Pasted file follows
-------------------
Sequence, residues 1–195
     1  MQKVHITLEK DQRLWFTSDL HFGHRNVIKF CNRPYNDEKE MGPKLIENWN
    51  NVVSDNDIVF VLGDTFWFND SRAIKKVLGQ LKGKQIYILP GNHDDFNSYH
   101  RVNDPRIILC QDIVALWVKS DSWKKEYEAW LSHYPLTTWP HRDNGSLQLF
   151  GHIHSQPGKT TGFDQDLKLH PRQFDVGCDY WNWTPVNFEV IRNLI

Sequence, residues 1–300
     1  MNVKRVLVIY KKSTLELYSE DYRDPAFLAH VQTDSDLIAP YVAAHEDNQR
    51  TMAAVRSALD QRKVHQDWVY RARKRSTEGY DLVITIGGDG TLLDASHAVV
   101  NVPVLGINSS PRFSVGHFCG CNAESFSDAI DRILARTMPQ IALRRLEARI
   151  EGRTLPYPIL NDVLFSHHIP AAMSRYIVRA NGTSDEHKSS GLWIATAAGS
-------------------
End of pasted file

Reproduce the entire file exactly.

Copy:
Sequence, residues 1–195
     1  MQKVHITLEK DQRLWFTSDL HFGHRNVIKF CNRPYNDEKE MGPKLIENWN
    51  NVVSDNDIVF VLGDTFWFND SRAIKKVLGQ LKGKQIYILP GNHDDFNSYH
   101  RVNDPRIILC QDIVALWVKS DSWKKEYEAW LSHYPLTTWP HRDNGSLQLF
   151  GHIHSQPGKT TGFDQDLKLH PRQFDVGCDY WNWTPVNFEV IRNLI

Sequence, residues 1–300
     1  MNVKRVLVIY KKSTLELYSE DYRDPAFLAH VQTDSDLIAP YVAAHEDNQR
    51  TMAAVRSALD QRKVHQDWVY RARKRSTEGY DLVITIGGDG TLLDASHAVV
   101  NVPVLGINSS PRFSVGHFCG CNAESFSDAI DRILARTMPQ IALRRLEARI
   151  EGRTLPYPIL NDVLFSHHIP AAMSRYIVRA NGTSDEHKSS GLWIATAAGS